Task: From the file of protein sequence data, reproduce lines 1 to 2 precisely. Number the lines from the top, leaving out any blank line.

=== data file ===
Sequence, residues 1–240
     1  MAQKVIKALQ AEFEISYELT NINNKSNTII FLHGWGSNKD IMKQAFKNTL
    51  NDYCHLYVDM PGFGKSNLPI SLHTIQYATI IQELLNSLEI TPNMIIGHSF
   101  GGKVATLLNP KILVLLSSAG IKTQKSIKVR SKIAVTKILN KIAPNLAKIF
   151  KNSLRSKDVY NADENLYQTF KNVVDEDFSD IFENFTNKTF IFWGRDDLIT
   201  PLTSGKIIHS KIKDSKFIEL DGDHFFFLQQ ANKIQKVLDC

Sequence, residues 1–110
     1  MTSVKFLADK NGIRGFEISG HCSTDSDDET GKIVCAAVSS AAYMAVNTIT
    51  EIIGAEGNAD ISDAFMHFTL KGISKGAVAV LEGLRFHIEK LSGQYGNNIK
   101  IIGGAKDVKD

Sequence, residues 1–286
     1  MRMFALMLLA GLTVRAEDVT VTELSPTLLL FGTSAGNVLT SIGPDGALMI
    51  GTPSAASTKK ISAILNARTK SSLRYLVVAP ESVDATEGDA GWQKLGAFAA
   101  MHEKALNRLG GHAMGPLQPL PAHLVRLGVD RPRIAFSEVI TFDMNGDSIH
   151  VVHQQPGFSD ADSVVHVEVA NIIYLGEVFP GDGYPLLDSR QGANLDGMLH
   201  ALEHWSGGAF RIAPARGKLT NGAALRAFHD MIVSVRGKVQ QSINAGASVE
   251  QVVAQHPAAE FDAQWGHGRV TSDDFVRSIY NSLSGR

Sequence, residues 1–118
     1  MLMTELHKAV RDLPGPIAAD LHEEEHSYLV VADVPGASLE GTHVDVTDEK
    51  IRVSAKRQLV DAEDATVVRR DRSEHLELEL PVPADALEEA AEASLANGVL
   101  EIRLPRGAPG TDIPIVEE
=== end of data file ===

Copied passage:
Sequence, residues 1–240
     1  MAQKVIKALQ AEFEISYELT NINNKSNTII FLHGWGSNKD IMKQAFKNTL